64. ^ The Webby Awards
65. ^ Apple bites big
66. ^ Attacks on the Press - 2004: Mideast
67. ^ Profile: Al Arabiya TV
Shock over Iraqi reporter's death
68. ^ Time for the Last Hurrah for US' Al-Hurra

Further reading

  • M. Arafa, P.J. Auter, & K. Al-Jaber (2005), Hungry for news and information: Instrumental use of Al-Jazeera TV among viewers in the Arab World and Arab Diaspora, Journal of Middle East Media, 1(1), 21-50
  • Marc Lynch (2005), Voices of the New Arab Public: Iraq, al-Jazeera, and Middle East Politics Today, Columbia University Press
  • N. Miladi (2004), Al-Jazeera, ISBN 1-86020-593-3
  • Hugh Miles (2004), Al Jazeera: How Arab TV news challenged the world, Abacus, ISBN 0-3491-1807-8,
  • aka Al Jazeera: How Arab TV News challenges America, Grove Press, ISBN 0-8021-1789-9 (2005 reprint),
  • aka Al Jazeera: The inside story of the Arab news channel that is challenging the West, Grove Press, ISBN 0-8021-4235-4 (2006 reprint)
  • Mohammed el-Nawawy and Adel Iskandar (2002), Al-Jazeera: How the Free Arab News Network Scooped the World and Changed the Middle East, Westview Press, ISBN 0-8133-4017-9,
  • aka Al-Jazeera: The story of the network that is rattling governments and redefining modern journalism, aka Al-Jazeera: Ambassador of the Arab World, Westview Press/Basic Books/Perseus Books, ISBN 0-8133-4149-3 (2003 reprint)
  • Erik C. Nisbet, Matthew C. Nisbet, Dietram Scheufele, and James Shanahan (2004), Public diplomacy, television news, and Muslim opinionPDF (187 KiB), Harvard International Journal of Press/Politics 9 (2), 11-37
  • Donatella Della Ratta (2005), Al Jazeera. Media e società arabe nel nuovo millennio (Italian), Bruno Mondadori, ISBN
  • Naomi Sakr (2002), Satellite Realms: Transnational Television, Globalization and the Middle East, I.B. Tauris, ISBN 1-8606-4689-1
  • Tatham, Steve (2006), Losing Arab Hearts & Minds: The Coalition, Al-Jazeera & Muslim Public Opinion, Hurst & Co (London), Published 1 Jan 2006, ISBN 0-9725-5723-7
  • Mohamed Zayani (2005), The Al Jazeera Phenomenon: Critical Perspectives On New Arab Media, Paradigm Publishers, ISBN 1-5945-1126-8

External links

Note that the websites and are not affiliated with Al Jazeera.
[Al] Jazira (جزيرة) means [the] island or [the] peninsula in Arabic, and may refer to:
  • Arabian peninsula — also called Al Jazeera

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The of this article or section may be compromised by "weasel words".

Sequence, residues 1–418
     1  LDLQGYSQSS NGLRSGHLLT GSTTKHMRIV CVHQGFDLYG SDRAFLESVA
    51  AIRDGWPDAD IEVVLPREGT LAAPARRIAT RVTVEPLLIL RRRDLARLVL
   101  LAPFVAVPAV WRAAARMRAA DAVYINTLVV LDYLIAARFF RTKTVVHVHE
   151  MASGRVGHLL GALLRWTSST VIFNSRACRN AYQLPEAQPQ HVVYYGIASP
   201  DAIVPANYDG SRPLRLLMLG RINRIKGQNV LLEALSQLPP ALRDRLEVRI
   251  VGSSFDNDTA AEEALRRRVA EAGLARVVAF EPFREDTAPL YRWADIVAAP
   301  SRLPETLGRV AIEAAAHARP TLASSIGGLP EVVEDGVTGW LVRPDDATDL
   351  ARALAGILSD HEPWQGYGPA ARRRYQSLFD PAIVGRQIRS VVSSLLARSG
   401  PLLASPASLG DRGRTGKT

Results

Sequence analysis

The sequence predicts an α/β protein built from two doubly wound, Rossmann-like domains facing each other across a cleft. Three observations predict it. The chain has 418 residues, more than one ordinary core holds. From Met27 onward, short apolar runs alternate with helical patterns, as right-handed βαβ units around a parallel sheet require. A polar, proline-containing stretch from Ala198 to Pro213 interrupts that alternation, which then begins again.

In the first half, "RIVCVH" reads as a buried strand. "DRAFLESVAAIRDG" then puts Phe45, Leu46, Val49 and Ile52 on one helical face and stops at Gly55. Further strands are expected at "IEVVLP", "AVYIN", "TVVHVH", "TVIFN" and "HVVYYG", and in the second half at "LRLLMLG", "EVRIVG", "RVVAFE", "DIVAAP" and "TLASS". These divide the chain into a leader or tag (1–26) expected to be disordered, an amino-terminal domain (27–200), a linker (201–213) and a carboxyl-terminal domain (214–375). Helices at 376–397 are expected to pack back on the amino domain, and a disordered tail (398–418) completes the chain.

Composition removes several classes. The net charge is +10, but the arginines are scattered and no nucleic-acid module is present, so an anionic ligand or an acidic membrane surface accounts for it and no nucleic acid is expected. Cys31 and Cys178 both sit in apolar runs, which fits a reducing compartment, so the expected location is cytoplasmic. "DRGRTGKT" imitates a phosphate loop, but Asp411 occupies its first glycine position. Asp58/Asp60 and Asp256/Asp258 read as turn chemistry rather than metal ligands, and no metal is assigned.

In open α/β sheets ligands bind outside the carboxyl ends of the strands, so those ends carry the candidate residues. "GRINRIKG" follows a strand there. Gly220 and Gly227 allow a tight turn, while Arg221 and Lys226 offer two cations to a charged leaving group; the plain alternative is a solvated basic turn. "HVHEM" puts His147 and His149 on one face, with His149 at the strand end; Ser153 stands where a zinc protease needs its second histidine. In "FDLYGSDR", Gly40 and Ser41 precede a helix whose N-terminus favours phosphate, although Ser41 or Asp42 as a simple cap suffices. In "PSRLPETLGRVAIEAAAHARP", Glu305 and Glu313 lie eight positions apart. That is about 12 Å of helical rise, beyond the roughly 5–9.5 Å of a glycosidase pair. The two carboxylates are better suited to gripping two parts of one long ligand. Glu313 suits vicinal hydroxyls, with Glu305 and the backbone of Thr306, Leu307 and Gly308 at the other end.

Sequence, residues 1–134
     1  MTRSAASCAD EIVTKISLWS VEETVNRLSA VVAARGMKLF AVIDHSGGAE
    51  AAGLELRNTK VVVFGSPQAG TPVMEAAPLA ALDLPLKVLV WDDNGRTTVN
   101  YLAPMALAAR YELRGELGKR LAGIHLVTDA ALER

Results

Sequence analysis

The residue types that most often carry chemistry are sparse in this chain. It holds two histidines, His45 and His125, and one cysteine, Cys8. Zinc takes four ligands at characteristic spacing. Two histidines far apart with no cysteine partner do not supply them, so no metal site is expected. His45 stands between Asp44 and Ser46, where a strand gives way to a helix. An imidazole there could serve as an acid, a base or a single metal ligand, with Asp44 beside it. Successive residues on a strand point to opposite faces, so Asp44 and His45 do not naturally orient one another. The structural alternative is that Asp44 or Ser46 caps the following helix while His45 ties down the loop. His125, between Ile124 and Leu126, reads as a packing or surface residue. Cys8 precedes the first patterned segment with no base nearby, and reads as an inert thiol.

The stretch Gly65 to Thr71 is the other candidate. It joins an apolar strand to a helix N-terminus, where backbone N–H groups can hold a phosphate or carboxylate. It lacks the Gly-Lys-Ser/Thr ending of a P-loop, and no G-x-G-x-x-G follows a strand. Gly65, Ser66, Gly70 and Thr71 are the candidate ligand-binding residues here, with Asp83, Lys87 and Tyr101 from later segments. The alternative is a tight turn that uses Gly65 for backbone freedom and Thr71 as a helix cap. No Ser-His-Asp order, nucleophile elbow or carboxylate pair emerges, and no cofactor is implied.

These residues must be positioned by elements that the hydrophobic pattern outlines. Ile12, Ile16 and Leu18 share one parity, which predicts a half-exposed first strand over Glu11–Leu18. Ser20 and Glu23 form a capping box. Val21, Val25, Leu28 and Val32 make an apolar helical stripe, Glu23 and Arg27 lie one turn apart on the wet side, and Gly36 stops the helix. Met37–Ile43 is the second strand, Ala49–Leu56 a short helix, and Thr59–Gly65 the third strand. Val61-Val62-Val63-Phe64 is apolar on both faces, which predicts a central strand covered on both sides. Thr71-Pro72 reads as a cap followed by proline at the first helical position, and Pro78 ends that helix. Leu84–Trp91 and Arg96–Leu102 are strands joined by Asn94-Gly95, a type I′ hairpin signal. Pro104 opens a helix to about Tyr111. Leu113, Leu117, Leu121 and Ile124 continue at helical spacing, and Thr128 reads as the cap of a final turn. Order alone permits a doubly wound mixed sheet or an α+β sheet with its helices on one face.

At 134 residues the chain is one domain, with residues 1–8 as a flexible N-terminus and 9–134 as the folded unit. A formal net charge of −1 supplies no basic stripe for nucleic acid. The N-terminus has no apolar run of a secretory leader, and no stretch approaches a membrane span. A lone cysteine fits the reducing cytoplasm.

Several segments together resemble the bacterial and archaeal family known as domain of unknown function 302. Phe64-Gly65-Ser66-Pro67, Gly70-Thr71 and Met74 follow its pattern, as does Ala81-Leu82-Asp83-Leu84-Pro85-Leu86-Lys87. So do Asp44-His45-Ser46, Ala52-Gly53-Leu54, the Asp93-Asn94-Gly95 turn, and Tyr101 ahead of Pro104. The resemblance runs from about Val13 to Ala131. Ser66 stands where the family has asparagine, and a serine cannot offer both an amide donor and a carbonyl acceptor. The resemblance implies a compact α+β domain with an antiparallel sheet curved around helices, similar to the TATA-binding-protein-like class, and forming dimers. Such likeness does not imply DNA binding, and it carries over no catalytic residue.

You can help Wikipedia by removing weasel words. Satellite television is television delivered by way of communications satellites, as compared to conventional terrestrial television and cable television.
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A television network is a distribution for television content whereby a central operation provides programming for many television stations. Until the mid-1980s, television programming in most countries of the world was dominated by a small number of broadcast networks.
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As Salam al Amiri

(and largest city) Doha

Official languages Arabic
Demonym Qatari
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global" and the adverb "globally" are synonyms of worldwide and mean of or relating to or involving the entire world in the general sense or as the planet Earth.
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Wadah Khanfar is the Director General of the Al Jazeera Network.


Khanfar has covered some of the the world's key political zones for the Al Jazeera Channel since 1997. Khanfar's first role in the organisation was as a correspondent in South Africa.
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Ahmed Sheikh (born 1967) is a Palestinian journalist and the current editor-in-chief of the Qatar-based television channel Al Jazeera.

Ahmed Sheikh was born in Nablus on the West Bank. He left his homeland in 1968 to study in Jordan.
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-1996- 1997 1998 1999  2000 .  2001 .  2002 .  2003  . 2004  . 2005  . 2006 

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al-‘Arabiyyah in written Arabic (Kufic script):  
Pronunciation: /alˌʕa.raˈbij.ja/
Spoken in: Algeria, Bahrain, Egypt, Iraq, Jordan, Kuwait, Lebanon, Libya, Mauritania, Morocco, Oman,
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Writing system: Latin (English variant) 
Official status
Official language of: 53 countries
Regulated by: no official regulation
Language codes
ISO 639-1: en
ISO 639-2: eng
ISO 639-3: eng